This is my last article for Time Out Chicago, so you might be able to imagine the pressure I feel to come up with something important to say. Trust me when I tell you I’ve tried to come up with such a thing. I’ve considered apologizing to the chefs I have offended over the past eight years (sorry!). I’ve considered taking to task the chefs who have offended me. Instead, I’m going to do what I usually do and write about chicken.
The first memorable chicken I ate in Chicago was at mk. I wasn’t working that night, which, at the time, was a rarity—this was in 2004, when Time Out was just getting off the ground, and I was eating out ten times a week in order to fill our empty database. I don’t remember anything specific about the chicken; I don’t remember if it was sauced, or if it came with veg. What I do remember is the chicken was a reprieve from the heavy and/or highly designed food I’d been eating so much of. It was notable because of the many ways it was not notable.
That night I found my therapy. (Later, I would find actual therapy, the kind that involves psychologists in leather chairs trying not to yawn as I described getting bullied by Internet trolls. But I digress.) After that, I began ordering chicken regularly, though mostly on nights when I was off-duty, as the lowly chicken is often, I admit, among the least exciting prospects a restaurant can offer. On evenings when I was particularly tired or stressed, I would order the chicken without looking at the rest of the menu. Mostly, it worked out. At Hopleaf and Pecking Order, I fell in love with chicken with char marks and hints of smoke. At Nightwood, I learned chicken is better with once-crisp, now-soppy croutons that soak up chicken juice. Last year I reviewed a steakhouse, Bavette’s, and dictated that chicken be the image we use on the page. I was technically working that night when I ate at Bavette’s, but the chicken lifted me out of my nitpicky critic haze and into a friendlier, softer place—my chicken safe space, you might say.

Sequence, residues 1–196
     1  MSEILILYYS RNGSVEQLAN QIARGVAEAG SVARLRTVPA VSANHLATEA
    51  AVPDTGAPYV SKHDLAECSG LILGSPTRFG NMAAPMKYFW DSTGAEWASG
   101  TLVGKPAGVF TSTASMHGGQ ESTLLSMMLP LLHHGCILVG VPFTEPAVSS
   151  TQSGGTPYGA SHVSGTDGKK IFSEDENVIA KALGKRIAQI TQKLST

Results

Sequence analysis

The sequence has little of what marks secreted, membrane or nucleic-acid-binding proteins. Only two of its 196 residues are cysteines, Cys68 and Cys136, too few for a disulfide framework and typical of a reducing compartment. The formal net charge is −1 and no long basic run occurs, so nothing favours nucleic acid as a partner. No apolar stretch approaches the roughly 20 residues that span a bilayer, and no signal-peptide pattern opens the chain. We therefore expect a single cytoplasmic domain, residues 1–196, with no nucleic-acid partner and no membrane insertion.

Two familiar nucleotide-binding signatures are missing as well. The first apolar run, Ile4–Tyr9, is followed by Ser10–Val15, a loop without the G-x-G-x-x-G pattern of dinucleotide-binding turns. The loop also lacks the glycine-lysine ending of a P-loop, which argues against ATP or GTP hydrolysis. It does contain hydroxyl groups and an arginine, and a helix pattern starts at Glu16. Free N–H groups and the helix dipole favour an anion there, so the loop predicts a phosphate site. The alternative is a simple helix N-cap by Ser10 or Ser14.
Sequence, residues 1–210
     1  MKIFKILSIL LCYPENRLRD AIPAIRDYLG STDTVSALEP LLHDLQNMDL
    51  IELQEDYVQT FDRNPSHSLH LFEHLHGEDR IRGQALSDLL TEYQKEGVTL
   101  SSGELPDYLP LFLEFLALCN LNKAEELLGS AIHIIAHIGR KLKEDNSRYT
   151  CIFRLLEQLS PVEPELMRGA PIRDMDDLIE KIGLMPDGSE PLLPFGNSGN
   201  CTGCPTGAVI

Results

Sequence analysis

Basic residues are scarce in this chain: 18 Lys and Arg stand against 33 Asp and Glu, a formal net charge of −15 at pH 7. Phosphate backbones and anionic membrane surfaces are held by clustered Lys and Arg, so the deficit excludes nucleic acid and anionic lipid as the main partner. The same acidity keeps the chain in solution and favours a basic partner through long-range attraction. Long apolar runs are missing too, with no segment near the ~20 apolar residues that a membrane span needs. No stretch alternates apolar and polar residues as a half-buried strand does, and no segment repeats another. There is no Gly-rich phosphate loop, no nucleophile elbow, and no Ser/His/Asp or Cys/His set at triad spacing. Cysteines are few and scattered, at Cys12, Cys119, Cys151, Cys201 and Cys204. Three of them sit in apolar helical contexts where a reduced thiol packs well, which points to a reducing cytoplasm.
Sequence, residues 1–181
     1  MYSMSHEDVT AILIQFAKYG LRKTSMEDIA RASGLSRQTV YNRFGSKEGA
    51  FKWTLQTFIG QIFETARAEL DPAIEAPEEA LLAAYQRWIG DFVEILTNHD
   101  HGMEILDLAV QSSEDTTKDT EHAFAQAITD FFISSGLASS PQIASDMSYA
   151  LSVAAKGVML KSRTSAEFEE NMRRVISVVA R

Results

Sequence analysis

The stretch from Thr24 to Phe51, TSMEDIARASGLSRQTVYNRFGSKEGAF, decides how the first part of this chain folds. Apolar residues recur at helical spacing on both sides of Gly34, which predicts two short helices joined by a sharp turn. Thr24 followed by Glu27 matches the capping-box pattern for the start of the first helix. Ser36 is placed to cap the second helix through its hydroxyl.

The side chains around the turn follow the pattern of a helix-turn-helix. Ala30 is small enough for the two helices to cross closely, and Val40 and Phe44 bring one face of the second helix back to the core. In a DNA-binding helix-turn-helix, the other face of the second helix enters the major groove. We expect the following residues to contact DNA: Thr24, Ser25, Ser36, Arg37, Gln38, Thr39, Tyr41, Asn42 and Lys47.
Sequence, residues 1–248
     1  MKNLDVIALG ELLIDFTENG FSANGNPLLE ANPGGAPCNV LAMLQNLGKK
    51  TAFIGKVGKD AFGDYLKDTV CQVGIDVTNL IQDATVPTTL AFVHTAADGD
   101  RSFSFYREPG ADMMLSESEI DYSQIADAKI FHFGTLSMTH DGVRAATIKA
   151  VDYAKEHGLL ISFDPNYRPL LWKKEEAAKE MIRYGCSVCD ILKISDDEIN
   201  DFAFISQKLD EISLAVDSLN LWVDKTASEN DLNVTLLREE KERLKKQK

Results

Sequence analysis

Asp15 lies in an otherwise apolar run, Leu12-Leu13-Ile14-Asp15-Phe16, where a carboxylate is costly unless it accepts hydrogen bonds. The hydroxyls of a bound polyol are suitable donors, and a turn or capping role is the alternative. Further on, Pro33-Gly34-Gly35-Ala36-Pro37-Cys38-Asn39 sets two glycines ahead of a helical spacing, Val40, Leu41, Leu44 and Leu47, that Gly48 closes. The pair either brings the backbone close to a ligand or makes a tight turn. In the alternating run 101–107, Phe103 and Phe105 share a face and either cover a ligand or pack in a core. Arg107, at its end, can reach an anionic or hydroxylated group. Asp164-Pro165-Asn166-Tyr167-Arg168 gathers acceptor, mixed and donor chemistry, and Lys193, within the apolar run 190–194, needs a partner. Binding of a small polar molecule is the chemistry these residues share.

Chicken isn’t perfect, obviously. Once, a restaurant served me a chicken that was completely raw. The chef came out with a new chicken and said, “I assure you, this kind of thing doesn’t happen in my restaurant,” but, of course, it was hard to believe. I’ve also had fried chicken that was served raw. My companion took a bite, found bright pink flesh underneath the crust, and sent it back. The chicken was returned to us a few minutes later. It had been re-fried—we could still see the bite mark.
But this did not deter me. Just the other weekend, when the reality that I would stop writing for Time Out Chicago was just beginning to sink in, I found myself at Paris Club, where I ordered the roasted half chicken with fingerling potatoes. It was the right choice. Everything else changes; a simple and good roast chicken is always the same.